Bob Dylan

Essay by PaperNerd ContributorHigh School, 11th grade February 2002

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On Saturday, November 10th, 2001, I was able to view a concert of Bob Dylan at Nationwide Arena in downtown Columbus, OH. My seat was located on the floor approximately one hundred and fifty feet away from the stage. To gain a better understanding of the artist and the concert, it is necessary to take a look at the background of Bob Dylan. While attending the University of Minnesota in 1959, Dylan became attracted to folk music and artists such as Woody Guthrie and Peter Seeger. Folk music is a simple, acoustic style of music about common people and everyday events. Guthrie and Seeger began to add political elements into their music and greatly influenced Dylan, who is credited with pioneering the modern era of folk. Poignant songs like "Blowin' in the Wind" and "The Times They are A Changing" brought Dylan to the limelight. The lyrics for "Blowin' in the Wind" struck a cord with people as they so aptly discussed the civil rights struggle.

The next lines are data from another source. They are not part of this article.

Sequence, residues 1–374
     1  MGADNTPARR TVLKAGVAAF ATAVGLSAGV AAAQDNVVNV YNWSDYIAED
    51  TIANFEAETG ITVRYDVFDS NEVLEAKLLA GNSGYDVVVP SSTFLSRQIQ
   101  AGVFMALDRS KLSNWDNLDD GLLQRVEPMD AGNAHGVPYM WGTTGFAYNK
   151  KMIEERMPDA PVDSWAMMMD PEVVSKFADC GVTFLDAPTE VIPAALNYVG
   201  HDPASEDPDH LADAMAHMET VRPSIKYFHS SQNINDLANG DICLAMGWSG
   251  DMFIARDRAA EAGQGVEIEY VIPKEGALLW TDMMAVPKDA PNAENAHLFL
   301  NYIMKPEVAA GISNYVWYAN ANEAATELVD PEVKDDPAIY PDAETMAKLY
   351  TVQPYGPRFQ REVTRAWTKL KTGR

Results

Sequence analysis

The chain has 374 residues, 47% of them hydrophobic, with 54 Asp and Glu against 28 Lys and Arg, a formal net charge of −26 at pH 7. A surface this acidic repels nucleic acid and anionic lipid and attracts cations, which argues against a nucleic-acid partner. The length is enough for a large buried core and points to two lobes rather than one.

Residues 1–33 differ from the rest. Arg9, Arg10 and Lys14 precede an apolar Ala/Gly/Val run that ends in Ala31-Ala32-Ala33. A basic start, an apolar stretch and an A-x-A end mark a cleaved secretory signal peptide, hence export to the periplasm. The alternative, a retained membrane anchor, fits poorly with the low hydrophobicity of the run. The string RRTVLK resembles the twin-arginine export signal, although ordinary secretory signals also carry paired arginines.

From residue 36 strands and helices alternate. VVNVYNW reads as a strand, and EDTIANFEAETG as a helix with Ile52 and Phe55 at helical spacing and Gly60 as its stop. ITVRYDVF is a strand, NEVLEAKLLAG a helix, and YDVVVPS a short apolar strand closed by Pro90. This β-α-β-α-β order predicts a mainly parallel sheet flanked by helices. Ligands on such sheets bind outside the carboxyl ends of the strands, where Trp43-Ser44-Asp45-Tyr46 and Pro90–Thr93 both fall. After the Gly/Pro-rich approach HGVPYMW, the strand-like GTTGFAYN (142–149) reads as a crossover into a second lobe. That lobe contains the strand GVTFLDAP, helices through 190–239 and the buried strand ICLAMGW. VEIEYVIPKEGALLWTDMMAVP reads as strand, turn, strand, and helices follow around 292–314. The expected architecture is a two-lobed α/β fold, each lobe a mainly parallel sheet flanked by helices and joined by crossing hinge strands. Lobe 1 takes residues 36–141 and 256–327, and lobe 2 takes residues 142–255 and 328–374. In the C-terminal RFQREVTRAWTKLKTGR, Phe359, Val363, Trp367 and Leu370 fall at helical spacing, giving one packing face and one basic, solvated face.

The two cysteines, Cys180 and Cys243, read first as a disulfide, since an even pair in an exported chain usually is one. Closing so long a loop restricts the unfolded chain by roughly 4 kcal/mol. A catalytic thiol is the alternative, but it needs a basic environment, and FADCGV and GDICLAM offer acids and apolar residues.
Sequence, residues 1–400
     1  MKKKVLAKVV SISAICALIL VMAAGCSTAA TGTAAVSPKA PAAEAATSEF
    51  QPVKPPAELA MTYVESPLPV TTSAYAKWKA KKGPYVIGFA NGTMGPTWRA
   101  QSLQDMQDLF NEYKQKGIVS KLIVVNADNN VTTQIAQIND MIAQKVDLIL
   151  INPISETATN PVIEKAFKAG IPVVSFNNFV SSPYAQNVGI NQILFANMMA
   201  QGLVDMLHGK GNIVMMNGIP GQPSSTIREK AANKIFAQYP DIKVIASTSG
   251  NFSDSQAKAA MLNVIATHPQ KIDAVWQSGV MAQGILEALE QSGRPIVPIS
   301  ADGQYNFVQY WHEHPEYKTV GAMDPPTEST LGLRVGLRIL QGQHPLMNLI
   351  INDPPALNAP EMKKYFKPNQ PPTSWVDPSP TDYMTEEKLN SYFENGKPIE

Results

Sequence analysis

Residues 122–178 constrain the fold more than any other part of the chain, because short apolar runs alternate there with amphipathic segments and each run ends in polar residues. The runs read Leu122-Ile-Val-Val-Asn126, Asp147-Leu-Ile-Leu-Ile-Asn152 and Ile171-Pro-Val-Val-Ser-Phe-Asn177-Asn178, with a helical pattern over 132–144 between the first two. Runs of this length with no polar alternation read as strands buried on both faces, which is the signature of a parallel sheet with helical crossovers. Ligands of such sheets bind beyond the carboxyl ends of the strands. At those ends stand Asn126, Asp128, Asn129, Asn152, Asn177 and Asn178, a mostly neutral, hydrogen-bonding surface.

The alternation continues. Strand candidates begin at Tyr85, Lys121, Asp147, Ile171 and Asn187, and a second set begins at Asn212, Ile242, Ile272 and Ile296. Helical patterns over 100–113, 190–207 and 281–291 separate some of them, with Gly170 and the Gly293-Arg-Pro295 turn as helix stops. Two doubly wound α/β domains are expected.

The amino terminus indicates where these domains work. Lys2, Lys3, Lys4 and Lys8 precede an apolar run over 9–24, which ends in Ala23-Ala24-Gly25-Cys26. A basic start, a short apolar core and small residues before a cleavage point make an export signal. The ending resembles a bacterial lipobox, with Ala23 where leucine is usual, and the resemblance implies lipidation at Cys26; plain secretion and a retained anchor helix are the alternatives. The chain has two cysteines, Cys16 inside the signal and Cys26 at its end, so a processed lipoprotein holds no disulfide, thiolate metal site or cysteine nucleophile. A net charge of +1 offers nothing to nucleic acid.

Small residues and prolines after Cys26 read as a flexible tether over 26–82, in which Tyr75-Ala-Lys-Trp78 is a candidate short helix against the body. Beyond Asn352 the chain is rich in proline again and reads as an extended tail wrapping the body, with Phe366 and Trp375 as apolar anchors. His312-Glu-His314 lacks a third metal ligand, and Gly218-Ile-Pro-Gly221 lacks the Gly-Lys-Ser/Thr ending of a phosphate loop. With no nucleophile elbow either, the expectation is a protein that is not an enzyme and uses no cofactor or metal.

Released in 1963, "The Times They are A Changing" became an anthem for young people beginning to resist a government which they viewed as unresponsive and increasingly authoritarian. However, Dylan soon became tired with being a civil rights and counterculture icon and attempted to add new elements into his music. Drifting from the strictly acoustic performances, Dylan added the electric guitar to many of his songs and began a new era of Folk Rock. To this day, Dylan has continued to evolve as a musician and stamp his mark in the evolution of music. The concert at Nationwide Arena reflected Bob Dylan's success as a musician and his constant struggle to rid himself of the labels placed on him, but failed to evoke the response his music garnered earlier in his career.

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